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11-24-2014, 10:49 PM
Post: #7
RE: Week 13: In Climbing Income Ladder, Location Matters
I agree with the critiques in general. The use of color in the visualization is good for showing the contrast between high and low probability areas. The legend is easy to understand and informative, though I'd like to know what the income of the bottom 5th is. Also, some of the 10-15% areas seem rather large, I think it would have been more informative if those areas had been split up, or some kind of representation of population had been presented.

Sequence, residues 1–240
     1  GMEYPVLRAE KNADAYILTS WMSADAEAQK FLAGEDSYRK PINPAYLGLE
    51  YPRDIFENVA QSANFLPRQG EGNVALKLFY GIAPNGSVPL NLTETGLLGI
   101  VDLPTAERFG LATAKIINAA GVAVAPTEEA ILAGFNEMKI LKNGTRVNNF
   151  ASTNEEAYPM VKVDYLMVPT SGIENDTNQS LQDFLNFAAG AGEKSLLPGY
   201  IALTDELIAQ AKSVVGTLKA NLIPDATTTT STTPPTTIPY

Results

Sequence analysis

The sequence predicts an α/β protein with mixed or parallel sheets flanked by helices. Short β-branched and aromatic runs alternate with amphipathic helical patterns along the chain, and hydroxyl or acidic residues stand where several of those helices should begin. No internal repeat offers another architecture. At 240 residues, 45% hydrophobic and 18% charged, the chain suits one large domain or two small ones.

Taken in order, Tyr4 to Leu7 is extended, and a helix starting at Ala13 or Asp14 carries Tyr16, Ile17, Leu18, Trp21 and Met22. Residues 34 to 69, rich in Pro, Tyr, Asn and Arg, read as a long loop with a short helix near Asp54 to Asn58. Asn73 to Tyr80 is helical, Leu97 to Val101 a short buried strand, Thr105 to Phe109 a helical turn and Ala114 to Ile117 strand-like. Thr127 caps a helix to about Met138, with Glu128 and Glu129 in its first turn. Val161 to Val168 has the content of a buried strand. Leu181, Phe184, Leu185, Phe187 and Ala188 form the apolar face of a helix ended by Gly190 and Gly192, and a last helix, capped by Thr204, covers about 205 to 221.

The article has some other interesting and interactive visualizations that I think complement this visualization rather well.
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12-01-2014, 05:10 PM
Post: #8
RE: Week 13: In Climbing Income Ladder, Location Matters
Excellent summary, holtvg. The map is definitely a natural choice for the information presented within as holtvg stated. I would also agree that the map does make the contrast between the chances of climbing the income ladder apparent. In all honestly, not sure what you mean by the colormap being divergent versus sequential data. The separation of the bins also is not clear in why the author created them non-uniformally. There is an adequate amount of interactivity with the visualization as well. All-in-all, it is an effective visualization.